Pre-Empting The Sh*T Hitting The Fan

Are you sensible about looking after yourself in order to keep well and happy? Or do you tend to push on through until you end up over-tired or ill?

(Yes, this is a loaded question :-))

I’ve lived pretty much my whole life doing the latter, thinking it was somehow admirable to take on more and more rather than protecting the future me. I used to think I was weedy because I felt like I got ill a lot, but actually I think I just frequently overdid it.

I suppose in our 30s and 40s the work hard, play hard mentality that lots of us cultivate in our 20s becomes unsustainable. Now I try to be much more of a grandma in order to be kind to myself (early nights, gentle exercise if I’m knackered, eating healthier, saying no to things that aren’t the best option for me) and to do it unapologetically. So much of the time we don’t want to let others down or don’t want to ask for help, but what if we radically changed this? What if we put ourselves first a bit more and asked for or accepted help as much as possible when we needed it, or even before we get to the point of desperately needing it? What if we understood that sometimes having low energy can last days or weeks and that we don’t always spring back, but instead were patient with ourselves and saw our lives in terms of a long game - cycles of quiet recuperating or laying low before a more energetic expanding?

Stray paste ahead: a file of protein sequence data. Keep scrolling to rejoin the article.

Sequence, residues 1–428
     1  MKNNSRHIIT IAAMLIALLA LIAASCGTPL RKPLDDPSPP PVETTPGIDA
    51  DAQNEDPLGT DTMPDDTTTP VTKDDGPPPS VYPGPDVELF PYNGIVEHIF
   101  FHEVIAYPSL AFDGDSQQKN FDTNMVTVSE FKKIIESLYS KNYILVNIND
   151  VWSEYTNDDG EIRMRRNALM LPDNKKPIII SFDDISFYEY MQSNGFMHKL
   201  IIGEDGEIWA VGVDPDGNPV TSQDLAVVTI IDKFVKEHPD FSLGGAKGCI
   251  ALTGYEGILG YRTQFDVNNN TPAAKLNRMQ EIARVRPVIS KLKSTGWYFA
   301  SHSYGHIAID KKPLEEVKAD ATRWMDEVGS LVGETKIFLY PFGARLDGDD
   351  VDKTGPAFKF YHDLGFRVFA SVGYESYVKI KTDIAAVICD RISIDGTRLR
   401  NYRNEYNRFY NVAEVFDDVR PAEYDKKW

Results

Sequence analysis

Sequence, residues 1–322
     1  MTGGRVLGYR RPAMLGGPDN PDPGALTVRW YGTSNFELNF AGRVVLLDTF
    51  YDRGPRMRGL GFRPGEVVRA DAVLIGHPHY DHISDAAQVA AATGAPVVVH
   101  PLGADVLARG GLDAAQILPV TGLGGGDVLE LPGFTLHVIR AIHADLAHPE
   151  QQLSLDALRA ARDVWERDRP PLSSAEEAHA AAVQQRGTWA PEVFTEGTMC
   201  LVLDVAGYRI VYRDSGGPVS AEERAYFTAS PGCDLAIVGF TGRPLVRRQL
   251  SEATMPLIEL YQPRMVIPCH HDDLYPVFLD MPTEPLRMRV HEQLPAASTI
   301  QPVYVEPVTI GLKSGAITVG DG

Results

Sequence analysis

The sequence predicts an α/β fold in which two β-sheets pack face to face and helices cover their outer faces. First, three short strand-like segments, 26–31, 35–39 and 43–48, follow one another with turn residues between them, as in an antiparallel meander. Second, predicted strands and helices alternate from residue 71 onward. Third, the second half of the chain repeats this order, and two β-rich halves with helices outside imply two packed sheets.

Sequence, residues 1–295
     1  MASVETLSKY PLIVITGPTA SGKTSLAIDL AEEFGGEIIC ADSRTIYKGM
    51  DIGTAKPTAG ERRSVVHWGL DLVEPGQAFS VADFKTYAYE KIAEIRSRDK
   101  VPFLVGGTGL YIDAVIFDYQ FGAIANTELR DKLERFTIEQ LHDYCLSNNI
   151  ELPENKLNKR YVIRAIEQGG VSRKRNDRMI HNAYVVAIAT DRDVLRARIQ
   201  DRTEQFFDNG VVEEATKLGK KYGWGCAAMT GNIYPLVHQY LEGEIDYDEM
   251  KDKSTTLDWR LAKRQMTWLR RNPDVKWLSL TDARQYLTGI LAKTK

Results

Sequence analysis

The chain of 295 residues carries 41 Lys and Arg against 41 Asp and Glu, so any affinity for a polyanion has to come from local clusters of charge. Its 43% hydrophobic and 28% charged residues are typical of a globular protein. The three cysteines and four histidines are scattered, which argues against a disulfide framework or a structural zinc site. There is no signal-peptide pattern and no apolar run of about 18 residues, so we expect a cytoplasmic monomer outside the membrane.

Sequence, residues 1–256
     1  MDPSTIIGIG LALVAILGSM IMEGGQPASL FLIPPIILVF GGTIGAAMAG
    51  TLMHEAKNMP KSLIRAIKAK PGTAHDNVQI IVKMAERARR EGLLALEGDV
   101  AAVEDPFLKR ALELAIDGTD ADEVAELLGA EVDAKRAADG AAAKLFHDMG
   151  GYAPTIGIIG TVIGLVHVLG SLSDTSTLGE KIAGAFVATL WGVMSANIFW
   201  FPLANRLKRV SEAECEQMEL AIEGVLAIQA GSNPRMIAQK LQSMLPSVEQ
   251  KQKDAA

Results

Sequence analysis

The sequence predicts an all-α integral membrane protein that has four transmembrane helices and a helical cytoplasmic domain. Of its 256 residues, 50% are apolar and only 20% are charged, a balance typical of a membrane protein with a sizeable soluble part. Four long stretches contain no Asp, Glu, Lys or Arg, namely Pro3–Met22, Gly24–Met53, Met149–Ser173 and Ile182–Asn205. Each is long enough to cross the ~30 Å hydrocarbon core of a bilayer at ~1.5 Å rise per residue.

It struck me recently how crazy it is to assume that our physical and mental health are givens, that we can toy with them and push them to their limits and expect them to stay totally intact after years of neglect. Or that we wait until there’s a problem to change how we do things.

More and more, especially with mental health, I hear of people I know (even those who had previously not seemed to experience any blips in mood or anxiety levels) suffering with something that seemed to come “out of the blue”. But did it really? Or is there something lying below the surface that we push away, or are not taught to explore or even recognise?